Next, the grid tells us how many pending orders are placed within the set price range. When setting the grid, we have to take into account the transaction fees. The grid should not be too dense; otherwise, the profit may not be high enough to cover the transaction fees. Lastly, the position size is the money amount or account fraction a trader uses to perform grid trading.
The following picture shows a favorable scenario of a grid trading strategy. We start at the grey line, which represents our starting price. We place the first buy order when the traded currency reaches the first red line (grid). Because the price of the currency pair decreases, we place the second, third and fourth buy order as we reach the second, third and fourth red line (grid). Because we passed our pre-set lowest price, we do not place any more buy orders, even though the trading currency decreases further. As the currency increases, we start to place sell orders. We place a sell order when the price increases to one and a half grid length from the price where we placed the buy order.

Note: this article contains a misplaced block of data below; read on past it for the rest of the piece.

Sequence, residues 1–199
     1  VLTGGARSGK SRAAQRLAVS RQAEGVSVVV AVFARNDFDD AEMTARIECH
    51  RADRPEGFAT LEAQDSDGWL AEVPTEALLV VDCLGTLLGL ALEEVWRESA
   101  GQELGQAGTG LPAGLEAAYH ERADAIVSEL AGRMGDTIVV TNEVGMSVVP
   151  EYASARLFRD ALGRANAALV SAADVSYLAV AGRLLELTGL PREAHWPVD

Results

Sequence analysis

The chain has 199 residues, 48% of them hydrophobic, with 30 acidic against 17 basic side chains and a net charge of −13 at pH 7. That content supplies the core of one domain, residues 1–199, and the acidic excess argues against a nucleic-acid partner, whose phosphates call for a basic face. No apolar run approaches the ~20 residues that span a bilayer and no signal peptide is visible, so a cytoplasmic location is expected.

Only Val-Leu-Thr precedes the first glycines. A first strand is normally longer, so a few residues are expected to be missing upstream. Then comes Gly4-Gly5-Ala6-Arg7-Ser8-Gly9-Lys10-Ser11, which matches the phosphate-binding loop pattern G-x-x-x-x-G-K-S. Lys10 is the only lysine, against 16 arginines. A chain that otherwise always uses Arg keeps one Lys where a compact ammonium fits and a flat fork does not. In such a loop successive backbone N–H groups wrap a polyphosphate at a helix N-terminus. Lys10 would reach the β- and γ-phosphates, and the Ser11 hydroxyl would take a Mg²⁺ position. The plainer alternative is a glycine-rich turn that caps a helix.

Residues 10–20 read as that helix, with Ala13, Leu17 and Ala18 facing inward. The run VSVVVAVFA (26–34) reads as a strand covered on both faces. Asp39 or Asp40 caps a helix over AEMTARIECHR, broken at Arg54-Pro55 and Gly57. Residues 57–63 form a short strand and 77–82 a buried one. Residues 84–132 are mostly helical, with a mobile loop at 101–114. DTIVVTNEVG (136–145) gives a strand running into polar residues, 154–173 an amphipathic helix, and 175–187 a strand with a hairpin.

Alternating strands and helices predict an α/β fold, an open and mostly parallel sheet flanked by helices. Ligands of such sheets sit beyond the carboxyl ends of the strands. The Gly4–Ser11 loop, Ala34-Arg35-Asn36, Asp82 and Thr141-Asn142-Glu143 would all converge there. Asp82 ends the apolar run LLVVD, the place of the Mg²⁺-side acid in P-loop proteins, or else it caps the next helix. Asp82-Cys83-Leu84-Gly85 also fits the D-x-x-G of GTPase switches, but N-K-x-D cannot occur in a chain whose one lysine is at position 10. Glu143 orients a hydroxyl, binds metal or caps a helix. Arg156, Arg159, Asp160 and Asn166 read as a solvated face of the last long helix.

Additionally, we can do inverse actions as the value of the traded currency increases and reaches the green lines. For example, we can open a short position each time we pass a green line and close it when the currency decreases to one and a half grid length from the price where we opened the short position, as illustrated in the following picture.